When someone we love dies, the emotional and physical reaction that follows is called grief. Grief is a natural process that usually evolves over time (see grief pages for more information). Sometimes, however, the grief reaction can become problematic.
Complicated or traumatic grief can arise when the circumstances of the death have been sudden, gruesome, or particularly traumatic. Complicated or traumatic grief responses can also occur following a long illness due to the prolonged effect of watching helplessly as your loved one suffered.
However, there are no rules as to what constitutes a traumatic bereavement. What tends to make the grief reaction more problematic is avoidance of the painful processing of grief, which can lead to the grief becoming ‘stuck’, resulting in symptoms of trauma similar to those already discussed on the trauma pages: flashbacks, severe anxiety, avoidance of reminders, reduction in functioning and/or dissociation.
A special word goes to grief during the Covid-19 crisis
During the global coronavirus pandemic we are facing a tragic loss of life, often under unimaginable circumstances.
If you have lost someone you love during Covid-19, you may have experienced any or more of the following extraordinarily painful experiences:
The person you love dying alone, due to infection control measures; with you and others close to you not being allowed to say goodbye.
The illness progressing suddenly with sudden deterioration. This would be tremendously shocking and if you are not able to view your loved one’s body, you may not be able to accept the finality and process the reality of their death.
Not being able to grieve with family and friends collectively & to physically offer each other comfort and support.
Being unable to arrange a funeral that can be attended by all loved ones, to acknowledge the finality of your loved one’s death and to offer comfort, love and commemoration to one another.
The constant sense of threat from the virus itself - no safe shelter “Who will be next”.
Constant reminders and intrusion arising from constant media coverage.
It would make sense that grief during the Covid-19 crisis could be considered traumatic grief. Therefore, the grieving process may not follow the ‘usual’ path. If this is the case, this does not mean that there is something wrong with you, so please be compassionate with yourself and others around you who may also be suffering in this way. What it does mean is that your grief may need to be processed in different ways, and may unfortunately take a longer and more winding path.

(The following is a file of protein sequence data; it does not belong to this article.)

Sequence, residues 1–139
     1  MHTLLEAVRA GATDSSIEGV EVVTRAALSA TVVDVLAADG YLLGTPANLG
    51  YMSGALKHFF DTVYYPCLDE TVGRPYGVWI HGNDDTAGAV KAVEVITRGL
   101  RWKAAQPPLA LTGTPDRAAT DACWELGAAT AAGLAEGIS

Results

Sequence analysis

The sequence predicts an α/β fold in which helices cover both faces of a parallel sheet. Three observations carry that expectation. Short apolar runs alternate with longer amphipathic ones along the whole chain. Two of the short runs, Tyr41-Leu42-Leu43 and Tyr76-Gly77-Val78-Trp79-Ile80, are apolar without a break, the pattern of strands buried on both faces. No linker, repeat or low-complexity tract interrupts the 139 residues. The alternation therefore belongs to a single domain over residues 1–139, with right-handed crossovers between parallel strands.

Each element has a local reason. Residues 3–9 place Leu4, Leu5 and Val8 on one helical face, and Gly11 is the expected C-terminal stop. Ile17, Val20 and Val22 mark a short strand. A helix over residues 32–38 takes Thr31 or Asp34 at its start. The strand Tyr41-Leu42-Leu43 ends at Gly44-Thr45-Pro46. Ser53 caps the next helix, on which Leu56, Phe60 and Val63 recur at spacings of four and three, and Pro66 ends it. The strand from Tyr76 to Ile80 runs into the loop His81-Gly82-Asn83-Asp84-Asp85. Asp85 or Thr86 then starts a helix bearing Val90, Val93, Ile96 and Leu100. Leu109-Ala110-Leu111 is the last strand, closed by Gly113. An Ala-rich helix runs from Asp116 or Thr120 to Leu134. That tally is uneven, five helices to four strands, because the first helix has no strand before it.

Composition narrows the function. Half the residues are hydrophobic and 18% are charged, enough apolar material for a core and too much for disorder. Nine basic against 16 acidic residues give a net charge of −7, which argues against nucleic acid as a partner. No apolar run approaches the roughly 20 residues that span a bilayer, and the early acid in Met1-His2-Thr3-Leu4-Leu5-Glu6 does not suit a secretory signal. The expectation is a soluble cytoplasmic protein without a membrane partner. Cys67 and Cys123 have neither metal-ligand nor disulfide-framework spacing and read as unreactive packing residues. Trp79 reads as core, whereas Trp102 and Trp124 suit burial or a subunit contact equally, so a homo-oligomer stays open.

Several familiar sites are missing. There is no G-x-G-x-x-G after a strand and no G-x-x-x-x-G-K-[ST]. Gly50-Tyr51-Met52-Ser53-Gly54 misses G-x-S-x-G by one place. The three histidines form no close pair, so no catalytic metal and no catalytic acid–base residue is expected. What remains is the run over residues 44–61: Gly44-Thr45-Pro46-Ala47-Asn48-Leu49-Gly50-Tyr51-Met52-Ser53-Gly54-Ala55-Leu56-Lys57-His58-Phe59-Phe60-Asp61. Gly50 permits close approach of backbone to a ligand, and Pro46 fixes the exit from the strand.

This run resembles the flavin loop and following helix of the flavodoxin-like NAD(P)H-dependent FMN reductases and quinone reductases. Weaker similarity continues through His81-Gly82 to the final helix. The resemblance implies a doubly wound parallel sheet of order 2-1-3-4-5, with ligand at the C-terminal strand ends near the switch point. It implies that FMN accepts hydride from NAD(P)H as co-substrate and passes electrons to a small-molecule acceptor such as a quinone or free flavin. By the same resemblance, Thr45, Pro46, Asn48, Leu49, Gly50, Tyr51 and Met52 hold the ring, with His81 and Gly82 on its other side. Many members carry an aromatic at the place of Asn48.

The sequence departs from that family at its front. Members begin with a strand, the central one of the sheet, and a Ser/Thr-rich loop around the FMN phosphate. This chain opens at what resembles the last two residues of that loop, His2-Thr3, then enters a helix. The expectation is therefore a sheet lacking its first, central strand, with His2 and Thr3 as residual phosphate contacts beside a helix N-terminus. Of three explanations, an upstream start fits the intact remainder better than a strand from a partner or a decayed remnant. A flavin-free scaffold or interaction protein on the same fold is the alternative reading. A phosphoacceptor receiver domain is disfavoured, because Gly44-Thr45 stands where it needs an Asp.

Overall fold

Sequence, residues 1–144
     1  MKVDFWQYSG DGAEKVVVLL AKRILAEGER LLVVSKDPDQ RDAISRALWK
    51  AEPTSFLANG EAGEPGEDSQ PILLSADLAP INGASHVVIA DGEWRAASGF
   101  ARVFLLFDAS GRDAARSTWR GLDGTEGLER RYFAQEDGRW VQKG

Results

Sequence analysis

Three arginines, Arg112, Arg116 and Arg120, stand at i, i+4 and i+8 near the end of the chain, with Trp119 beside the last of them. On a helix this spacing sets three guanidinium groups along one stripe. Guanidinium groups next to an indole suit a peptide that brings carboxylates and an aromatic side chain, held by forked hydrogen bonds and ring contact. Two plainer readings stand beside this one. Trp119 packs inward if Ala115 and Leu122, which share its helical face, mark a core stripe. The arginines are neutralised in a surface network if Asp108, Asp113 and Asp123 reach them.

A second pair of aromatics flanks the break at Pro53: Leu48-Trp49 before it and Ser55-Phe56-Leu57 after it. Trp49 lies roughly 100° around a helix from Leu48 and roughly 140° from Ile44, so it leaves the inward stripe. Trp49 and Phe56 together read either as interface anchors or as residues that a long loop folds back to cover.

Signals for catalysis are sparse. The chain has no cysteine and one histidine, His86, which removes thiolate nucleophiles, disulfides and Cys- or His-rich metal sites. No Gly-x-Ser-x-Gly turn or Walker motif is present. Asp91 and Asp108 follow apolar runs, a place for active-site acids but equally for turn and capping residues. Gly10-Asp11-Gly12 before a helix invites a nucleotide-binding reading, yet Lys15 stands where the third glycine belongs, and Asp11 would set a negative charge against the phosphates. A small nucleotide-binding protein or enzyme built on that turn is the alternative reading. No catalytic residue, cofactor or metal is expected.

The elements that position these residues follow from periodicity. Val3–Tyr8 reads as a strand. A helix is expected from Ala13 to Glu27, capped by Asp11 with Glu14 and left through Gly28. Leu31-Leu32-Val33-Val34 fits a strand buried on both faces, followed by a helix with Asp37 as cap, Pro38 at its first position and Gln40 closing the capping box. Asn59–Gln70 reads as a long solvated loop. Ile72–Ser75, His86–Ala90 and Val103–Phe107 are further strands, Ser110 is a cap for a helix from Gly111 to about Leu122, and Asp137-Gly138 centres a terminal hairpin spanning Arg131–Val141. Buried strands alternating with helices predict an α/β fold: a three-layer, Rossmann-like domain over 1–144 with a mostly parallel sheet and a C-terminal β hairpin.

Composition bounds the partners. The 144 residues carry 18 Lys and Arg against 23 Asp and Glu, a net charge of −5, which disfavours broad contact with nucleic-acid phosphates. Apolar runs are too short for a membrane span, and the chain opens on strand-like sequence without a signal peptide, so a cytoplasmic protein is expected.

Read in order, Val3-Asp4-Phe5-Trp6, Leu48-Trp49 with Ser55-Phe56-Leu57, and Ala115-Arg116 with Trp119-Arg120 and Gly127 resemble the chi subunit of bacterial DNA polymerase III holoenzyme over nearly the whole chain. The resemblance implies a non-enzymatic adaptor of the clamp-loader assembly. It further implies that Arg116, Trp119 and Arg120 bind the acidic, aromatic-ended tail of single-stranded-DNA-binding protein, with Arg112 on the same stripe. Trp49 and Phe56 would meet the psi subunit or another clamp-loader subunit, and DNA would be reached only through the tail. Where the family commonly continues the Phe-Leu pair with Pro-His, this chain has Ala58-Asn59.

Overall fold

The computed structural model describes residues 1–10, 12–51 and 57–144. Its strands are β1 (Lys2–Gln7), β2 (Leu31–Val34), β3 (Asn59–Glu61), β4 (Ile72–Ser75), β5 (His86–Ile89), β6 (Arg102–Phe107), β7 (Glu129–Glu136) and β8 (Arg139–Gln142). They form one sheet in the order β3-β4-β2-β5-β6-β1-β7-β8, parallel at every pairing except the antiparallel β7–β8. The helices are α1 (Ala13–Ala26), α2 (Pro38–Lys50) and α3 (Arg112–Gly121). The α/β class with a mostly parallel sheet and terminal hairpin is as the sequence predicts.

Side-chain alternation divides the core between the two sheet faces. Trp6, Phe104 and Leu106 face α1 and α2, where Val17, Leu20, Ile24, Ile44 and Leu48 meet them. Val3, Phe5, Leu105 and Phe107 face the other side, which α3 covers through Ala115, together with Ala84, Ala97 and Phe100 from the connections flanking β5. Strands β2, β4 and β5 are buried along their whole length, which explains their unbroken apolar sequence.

If you think that you may be experiencing a complicated or traumatic grief reaction then you may benefit from trauma focused bereavement therapy, to help you to work through your reaction to the bereavement. It may also be beneficial to speak to your GP. Although your loved ones may not be able to be ‘physically’ close to you, try to remain connected in other ways.
Grief and Traumatic Grief in everyday circumstances can be the most lonely and isolating experiences, and even more so during Coivd-19. I have prepared a Guided Self Help programme to help accompany you if you are grieving or may be trying to help someone else through their grief. You can find out more on the Guided Self Help pages.
You will find organisations to support your with grief on the Grief pages.
Nicola Forshaw holds a Masters Degree in Counselling (with distinction), a diploma in Cognitive Behavioural Therapy, and a certificate in Dialectical Behaviour Therapy. Nicola is a highly experienced trauma/PTSD therapist, with a special interest in traumatic grief, and is and is fully qualified in EMDR (Eye Movement Desensitisation and Reprocessing). She is accredited by BACP (British Association of Counselling & Psychotherapy), and is also a registered member.